NOAA 2000-SERO 00-060
Contact: Chris Smith


The National Oceanic and Atmospheric Administration's Office for Law Enforcement is offering a $10,000 reward for information that leads to the arrest and conviction of the parties responsible for the deployment of a 70-yard long monofilament gillnet in which four dead endangered green sea turtles were found on October 18 in St. Joe Bay near Panama City, Fla.The Florida Fish and Wildlife Conservation Commission is offering an additional reward of $1,000 through the agency's Wildlife Alert Program, for information that leads to an arrest.

"I discovered the net during a routine patrol of the bay," said FWC Officer Mike Nobles."I estimate that the net had been in the water for about a week.It contained many marine species in addition to the four green sea turtles including pompano, conch, horseshoe crabs, stone crabs, and spider crabs."

"The use of monofilament gillnets has been illegal since 1994 when voters overwhelmingly approved a net limitation amendment," said Major Kent Thompson of the FWC's Bureau of Marine Enforcement."So whoever is responsible for deploying that net is subject to prosecution by the state under that law.Furthermore, whoever is responsible for the net also violated the Endangered Species Act, which is under federal jurisdiction."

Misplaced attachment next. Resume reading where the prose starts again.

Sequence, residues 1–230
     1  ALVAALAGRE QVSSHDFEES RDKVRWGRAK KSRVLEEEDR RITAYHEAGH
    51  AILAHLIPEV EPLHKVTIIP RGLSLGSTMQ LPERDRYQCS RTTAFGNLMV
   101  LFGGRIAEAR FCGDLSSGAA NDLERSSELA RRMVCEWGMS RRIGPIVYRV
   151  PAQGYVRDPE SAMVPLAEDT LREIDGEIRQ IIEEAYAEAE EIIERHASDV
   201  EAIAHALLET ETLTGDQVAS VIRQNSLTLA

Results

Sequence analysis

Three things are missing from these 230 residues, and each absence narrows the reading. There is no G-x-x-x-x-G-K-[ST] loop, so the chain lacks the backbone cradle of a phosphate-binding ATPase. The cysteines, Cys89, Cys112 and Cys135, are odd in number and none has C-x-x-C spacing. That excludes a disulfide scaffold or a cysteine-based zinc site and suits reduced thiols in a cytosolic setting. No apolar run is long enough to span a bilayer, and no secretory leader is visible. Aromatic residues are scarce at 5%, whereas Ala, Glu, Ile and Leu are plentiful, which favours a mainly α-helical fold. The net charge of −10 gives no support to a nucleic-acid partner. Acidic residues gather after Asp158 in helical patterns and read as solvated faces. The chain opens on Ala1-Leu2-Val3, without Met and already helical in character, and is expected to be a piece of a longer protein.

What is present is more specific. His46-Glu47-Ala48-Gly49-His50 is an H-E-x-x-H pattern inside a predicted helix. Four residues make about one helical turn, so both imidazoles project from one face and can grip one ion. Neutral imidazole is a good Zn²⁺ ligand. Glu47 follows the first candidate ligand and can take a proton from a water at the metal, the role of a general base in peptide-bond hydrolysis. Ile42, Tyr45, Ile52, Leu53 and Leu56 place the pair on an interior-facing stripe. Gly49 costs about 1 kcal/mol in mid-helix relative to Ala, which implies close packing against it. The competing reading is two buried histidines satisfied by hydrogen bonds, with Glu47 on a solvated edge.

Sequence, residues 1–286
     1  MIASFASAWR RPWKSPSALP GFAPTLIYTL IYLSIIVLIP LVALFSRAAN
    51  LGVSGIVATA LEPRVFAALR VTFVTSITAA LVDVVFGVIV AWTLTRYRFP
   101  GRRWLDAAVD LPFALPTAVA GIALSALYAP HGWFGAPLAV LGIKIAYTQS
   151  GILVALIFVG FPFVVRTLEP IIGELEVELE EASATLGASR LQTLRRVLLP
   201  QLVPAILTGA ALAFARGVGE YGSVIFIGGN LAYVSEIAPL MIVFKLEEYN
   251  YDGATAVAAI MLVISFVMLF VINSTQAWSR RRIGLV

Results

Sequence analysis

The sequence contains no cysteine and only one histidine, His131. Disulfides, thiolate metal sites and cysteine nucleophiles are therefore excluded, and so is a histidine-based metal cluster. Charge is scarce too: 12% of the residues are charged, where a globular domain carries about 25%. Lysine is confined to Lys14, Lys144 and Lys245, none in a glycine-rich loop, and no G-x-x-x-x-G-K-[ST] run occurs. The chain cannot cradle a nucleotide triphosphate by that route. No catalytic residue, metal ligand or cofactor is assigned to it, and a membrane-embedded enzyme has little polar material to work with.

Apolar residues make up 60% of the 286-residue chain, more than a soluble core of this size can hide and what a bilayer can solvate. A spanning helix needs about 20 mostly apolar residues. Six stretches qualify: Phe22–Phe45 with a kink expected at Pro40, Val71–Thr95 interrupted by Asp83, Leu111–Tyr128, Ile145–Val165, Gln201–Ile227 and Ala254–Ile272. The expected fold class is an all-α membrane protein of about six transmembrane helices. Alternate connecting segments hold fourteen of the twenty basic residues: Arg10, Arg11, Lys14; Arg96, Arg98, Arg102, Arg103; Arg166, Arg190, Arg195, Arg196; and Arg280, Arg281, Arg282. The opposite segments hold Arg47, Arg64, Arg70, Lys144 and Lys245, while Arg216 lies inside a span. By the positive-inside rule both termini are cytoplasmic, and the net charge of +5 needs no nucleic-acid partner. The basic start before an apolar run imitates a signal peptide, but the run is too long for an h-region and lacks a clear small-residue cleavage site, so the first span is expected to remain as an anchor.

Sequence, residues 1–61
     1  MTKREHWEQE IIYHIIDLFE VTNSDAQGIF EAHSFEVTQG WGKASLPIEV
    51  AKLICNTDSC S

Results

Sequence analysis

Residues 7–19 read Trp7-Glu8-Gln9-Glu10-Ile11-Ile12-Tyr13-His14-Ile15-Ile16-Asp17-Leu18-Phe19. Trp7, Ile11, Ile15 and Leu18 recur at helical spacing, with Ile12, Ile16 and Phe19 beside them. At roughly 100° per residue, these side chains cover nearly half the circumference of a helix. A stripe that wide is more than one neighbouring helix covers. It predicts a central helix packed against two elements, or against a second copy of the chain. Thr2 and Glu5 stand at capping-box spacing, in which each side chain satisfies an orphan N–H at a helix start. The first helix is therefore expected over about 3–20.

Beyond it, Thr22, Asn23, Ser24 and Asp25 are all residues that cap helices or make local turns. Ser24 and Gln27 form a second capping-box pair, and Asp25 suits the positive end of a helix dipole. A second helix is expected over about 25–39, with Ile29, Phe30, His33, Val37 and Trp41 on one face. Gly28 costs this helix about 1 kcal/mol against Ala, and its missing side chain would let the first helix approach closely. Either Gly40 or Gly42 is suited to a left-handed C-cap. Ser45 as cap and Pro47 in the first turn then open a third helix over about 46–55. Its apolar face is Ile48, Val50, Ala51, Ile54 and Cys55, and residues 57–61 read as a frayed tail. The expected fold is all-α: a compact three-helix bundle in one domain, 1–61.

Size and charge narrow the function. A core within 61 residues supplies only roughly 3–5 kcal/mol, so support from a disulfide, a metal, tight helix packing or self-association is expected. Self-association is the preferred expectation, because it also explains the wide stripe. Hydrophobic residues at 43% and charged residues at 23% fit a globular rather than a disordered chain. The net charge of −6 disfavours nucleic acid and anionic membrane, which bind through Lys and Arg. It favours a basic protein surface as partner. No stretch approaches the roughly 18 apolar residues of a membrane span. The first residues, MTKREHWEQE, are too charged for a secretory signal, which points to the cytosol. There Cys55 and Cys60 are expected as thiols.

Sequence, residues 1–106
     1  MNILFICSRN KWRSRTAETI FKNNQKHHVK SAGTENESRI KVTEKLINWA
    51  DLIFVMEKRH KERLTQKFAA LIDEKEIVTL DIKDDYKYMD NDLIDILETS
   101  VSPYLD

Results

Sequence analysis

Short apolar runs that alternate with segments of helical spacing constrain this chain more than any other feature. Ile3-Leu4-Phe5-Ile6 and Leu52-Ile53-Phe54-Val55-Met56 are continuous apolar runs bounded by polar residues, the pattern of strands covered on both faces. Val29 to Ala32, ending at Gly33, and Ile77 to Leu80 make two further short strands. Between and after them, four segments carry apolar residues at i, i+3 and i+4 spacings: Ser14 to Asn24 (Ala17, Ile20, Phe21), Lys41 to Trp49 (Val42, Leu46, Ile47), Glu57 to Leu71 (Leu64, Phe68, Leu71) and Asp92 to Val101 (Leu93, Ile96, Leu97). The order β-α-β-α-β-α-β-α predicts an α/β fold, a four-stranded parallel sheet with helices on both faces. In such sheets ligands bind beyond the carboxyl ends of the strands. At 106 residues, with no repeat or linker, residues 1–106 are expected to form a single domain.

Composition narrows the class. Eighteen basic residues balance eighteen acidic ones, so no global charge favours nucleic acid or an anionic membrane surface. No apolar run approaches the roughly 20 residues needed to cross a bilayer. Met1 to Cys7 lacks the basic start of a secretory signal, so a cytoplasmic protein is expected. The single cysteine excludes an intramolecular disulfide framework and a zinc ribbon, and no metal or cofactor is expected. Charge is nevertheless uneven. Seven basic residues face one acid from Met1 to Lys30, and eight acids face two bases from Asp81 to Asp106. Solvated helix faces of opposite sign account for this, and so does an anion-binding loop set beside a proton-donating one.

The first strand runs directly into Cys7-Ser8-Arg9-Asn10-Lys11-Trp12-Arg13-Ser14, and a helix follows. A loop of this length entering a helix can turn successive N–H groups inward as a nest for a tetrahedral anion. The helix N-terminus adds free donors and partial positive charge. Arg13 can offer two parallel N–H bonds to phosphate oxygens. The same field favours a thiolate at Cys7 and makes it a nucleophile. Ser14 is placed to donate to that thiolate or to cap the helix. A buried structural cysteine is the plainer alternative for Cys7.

Breeding populations of green sea turtles off Florida were listed as endangered on July 28, 1978.The greatest cause of decline in green turtle populations is commercial harvest for eggs and food. Other turtle parts are used for leather and jewelry, and small turtles are sometimes stuffed for curios. Incidental catch during fishing operations is a continuing source ofmortality that adversely affects their recovery.

"The green sea turtle's recovery is progressing very slowly, primarily due to human interactions," said Special Agent-in-Charge of NOAA's Southeast Enforcement Division Gene Proulx."We will use all the resources at our disposal to pursue the person or people responsible for these turtles' deaths.We hope that the reward we're offering entices someone to come forward with the information we need to identify the perpetrators."

Anyone with information about this incident or other netting violations can call the NOAA Fisheries Enforcement office, toll free, at (850) 830-8850 or the FWC's Panama City Beach office at (850) 233-5150.

This and other Southeast Regional news releases and fishery bulletins are available on the region's Internet home page:

NOAA Fisheries is an agency of the Department of Commerce's National Oceanic and Atmospheric Administration.The agency conducts scientific research and provides services and products to support fisheries management, fisheries development, trade, and industry assistance, enforcement, and protected species and habitat conservation programs.